But I made the strap in seed stitch, thinking it wouldn't stretch so much.  And I made sure not to make it too long by flipping it across my body every two seconds. 

But when you put something weighty in the purse, it stretches to all hell.  The purse comes down past my knees.  I haven't gotten up the motivation to fix it yet.

Cautionary Tale #6:  Do NOT put your heart and hours on end of your life into a knitted object hoping it'll be appreciated by men

This was the hardest one to learn. 

A few months ago, my aunt got tickets for The Price Is Right.  In case you're not familiar with the show, it's a game show on CBS in the US.  Contestants are picked out of the audience after an interview with the producers.  Bob Barker has been hosting it forever.  Our tickets were for August 22nd, it was last week (show will air in October).

I wanted to do something for the show no one had ever done before.  Everyone makes shirts, you know?  But I wanted to be on TV.  Didn't even want to get picked, so much as just have my face on tv, being recognized for something cool I did.  Not even 15 minutes of fame, just 15 seconds.

So I learned intarsia, and made a Bob Barker purse based on the one in SnBN.  I came to the boards and asked for help from the stencil gals to get a good pic of him.  I frogged a million times. First time because I had the boxes on the graph paper the wrong way.  Tried again and  I finished only to have him look like an ape, so I changed the colors and re-knitted (to off-white and navy, it looks black in the pic), and it looked okay.  I made two different linings because the first one didn't fit.  I didn't learn from Cautionary Tale #5 and I spent about 10 hours knitting the sides and strap in seed stitch (which again, although only two feet long, stretched down to my knees, forcing me to knot it at the shoulder).  I seamed, I ripped, I reseamed.  I worked my butt off.

The other members of the audience really liked it, really seemed to understand what went into it.  The producer interview dude said, "cool, you'll have to show that to Bob"  During a commercial break, I held it up to show to Bob.  He told me (quotes are from memory, not word for word) "that's nice, did you make that?"  Yes.  "You must have used a younger picture of me."  Some laughing from the crowd.

And that was it.  He moved on.  I was so excited that I was going to get to show the world my craft, an FO that I had spent 2 weeks almost non-stop working on.  Other people's things had made it on TV before (like a belt that was like a store sign, lit up with words running across it), so I thought, "duh, no one has done this before and it's actually GOOD! I'll get on tv!  A Bob purse!  He'll get a kick out of that!".   


I have no hard feelings for Bob or the Price is Right.  I mean, he's a man, it's a male run show, and the majority of men don't get the time and effort it takes to do this.  I'm still watching the show, and if I go to California again, I might go to it again.  But I was crushed.  I still kinda am.  I wanted to frog it when I got home, but I don't think my relatives and my mom's friends would let me because they like it so much.  Too much time and effort I should have been spending with my family before I move out next week.  But that's what this post is about, live and learn.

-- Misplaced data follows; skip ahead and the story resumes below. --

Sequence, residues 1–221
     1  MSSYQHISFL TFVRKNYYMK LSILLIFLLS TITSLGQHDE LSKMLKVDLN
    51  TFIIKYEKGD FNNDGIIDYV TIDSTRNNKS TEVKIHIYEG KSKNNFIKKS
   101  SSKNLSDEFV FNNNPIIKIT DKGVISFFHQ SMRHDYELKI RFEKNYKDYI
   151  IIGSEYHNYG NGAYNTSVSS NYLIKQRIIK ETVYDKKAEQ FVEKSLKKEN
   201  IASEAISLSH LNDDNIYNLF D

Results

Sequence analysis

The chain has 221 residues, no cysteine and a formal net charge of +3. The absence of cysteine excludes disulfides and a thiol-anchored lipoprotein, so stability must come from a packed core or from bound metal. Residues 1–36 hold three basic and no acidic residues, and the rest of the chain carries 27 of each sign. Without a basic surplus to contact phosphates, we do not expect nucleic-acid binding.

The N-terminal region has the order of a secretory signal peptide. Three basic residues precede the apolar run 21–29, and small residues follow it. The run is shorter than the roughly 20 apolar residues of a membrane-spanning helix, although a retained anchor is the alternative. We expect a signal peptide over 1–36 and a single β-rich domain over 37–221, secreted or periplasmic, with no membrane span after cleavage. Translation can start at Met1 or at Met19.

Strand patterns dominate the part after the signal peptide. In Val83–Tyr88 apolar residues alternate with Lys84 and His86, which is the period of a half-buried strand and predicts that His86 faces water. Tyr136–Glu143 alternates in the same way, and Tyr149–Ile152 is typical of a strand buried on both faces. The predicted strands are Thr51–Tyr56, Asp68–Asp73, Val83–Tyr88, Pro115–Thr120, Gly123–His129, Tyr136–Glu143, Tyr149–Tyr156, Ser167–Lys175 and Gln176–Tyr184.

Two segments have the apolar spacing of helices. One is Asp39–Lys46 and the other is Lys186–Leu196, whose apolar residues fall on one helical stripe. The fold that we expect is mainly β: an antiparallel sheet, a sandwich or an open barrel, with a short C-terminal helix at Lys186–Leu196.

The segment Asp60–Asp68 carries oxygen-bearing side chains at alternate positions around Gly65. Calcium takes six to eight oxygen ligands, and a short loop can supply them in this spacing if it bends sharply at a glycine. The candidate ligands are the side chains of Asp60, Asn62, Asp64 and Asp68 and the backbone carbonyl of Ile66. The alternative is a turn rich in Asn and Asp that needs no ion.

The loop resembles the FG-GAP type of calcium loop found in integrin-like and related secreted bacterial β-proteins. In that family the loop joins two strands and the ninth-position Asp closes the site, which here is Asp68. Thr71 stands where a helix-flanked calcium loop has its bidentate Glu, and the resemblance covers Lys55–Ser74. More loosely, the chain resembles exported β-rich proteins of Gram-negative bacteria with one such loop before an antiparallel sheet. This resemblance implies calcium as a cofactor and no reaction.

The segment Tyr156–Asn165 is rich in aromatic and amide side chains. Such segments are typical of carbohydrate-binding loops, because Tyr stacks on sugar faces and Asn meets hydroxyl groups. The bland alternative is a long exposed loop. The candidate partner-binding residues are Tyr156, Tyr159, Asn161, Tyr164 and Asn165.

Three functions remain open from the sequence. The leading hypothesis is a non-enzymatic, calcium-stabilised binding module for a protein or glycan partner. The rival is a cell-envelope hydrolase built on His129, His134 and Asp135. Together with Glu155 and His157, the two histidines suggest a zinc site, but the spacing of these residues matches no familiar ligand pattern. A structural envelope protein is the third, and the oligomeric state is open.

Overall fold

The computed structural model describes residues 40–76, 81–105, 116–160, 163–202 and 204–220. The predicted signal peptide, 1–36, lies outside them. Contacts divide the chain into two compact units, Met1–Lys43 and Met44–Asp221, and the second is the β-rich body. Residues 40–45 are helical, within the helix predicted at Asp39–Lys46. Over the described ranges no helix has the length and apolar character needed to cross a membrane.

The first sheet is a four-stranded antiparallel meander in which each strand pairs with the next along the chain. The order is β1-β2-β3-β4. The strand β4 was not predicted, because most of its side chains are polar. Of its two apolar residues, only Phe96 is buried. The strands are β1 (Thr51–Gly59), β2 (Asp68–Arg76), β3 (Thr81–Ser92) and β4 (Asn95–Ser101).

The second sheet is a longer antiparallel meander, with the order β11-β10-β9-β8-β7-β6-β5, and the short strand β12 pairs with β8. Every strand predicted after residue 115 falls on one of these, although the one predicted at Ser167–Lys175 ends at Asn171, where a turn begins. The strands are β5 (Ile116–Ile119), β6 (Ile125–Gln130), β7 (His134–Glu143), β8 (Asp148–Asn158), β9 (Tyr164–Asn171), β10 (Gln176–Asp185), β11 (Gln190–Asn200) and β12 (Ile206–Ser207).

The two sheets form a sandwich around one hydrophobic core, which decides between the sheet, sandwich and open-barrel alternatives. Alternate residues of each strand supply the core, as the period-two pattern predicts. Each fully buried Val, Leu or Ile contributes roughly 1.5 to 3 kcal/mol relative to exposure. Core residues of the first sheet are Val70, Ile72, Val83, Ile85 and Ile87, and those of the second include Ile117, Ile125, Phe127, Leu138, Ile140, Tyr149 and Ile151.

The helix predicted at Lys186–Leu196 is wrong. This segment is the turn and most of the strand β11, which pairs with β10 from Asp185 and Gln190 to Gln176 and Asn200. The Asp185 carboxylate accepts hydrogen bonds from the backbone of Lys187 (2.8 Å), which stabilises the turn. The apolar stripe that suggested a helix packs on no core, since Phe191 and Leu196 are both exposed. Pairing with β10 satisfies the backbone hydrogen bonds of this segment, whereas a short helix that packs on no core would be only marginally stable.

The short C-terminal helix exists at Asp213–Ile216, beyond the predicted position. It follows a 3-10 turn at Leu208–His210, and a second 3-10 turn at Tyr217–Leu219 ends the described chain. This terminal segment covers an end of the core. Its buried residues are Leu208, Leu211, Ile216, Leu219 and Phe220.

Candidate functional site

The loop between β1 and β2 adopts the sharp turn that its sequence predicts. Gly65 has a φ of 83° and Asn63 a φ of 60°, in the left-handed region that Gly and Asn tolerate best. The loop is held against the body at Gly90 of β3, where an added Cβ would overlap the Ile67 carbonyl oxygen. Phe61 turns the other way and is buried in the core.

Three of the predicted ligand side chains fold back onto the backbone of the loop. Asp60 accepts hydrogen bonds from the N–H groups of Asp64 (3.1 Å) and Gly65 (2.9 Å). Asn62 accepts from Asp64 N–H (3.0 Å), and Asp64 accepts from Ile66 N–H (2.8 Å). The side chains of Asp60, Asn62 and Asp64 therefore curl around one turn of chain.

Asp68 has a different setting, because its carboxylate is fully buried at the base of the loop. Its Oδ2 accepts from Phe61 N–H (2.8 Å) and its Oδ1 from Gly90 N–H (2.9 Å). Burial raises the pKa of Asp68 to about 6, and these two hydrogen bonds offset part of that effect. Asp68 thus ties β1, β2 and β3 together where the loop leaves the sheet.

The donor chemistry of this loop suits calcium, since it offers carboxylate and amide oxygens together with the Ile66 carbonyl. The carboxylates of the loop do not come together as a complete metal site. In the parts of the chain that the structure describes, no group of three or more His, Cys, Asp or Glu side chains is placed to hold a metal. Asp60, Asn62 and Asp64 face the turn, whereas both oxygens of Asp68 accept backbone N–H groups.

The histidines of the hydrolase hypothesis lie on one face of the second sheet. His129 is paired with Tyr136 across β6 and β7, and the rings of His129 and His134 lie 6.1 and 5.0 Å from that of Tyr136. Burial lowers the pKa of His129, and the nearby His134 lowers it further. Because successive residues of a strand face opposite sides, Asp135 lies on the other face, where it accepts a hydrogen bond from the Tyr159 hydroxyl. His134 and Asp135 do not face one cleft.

So there are my cautionary tales.  Tell me some of yours, or I'm sure I'll eventually make the same mistakes Smiley
ETA: I put this here because these are (except one) all FO's.  If it should be on the discussion board, I apologise).

ETA #2: Took me a while to find my post on the stencil board (the search thing wasn't working for me for a while), but now that I have, I can give credit where credit is due.  The wonderful gal who stenciled Bob Barker for me was distimica.  Smiley
20  KNITTING / Knitting: Discussion and Questions / intarsia charts - I'm so frustrated on: August 13, 2006 04:21:54 PM
I've started branching out into intarsia, but I'm having some trouble with wrapping my head around charting things.  I taught myself yesterday, and everything was going just fine, the stitches were fine, I was reading the chart I made fine, not missing any stitches, but...

I charted a guy's face, in the way suggested for Poster Boy in SnBN.  Halfway through the chart, it looked more like a jagged ape than a man.  And it was a very plan picture, looked like a cartoon drawing in B&W, without much detail.  I even went into photoshop and colored in all the individual boxes so when the color went through half of two boxes, I wouldn't have to choose which color to use for each box.  At that point it still looked like the man.

Could I have orientated my paper wrong?  Or could they have sized the boxes wrong?  I used a site that asked for your gauge, and I'm getting 4.5 stitches and 7 rows per inch.  I took this to mean that I should orient the picture so the boxes are short and wide instead of long and skinny.  But his face came out looking so long that way!  How are you supposed to tell which way to orient the paper?

I just don't know what to do, since it took me so long to do and about twice the time to rip out.  Are some pictures just not able to be translated well into intarsia? 

Also, I was using white on a blue background.  Do you think it might end up looking like the man if I made the background white and the lines/shadows blue? 

Thank you for any help.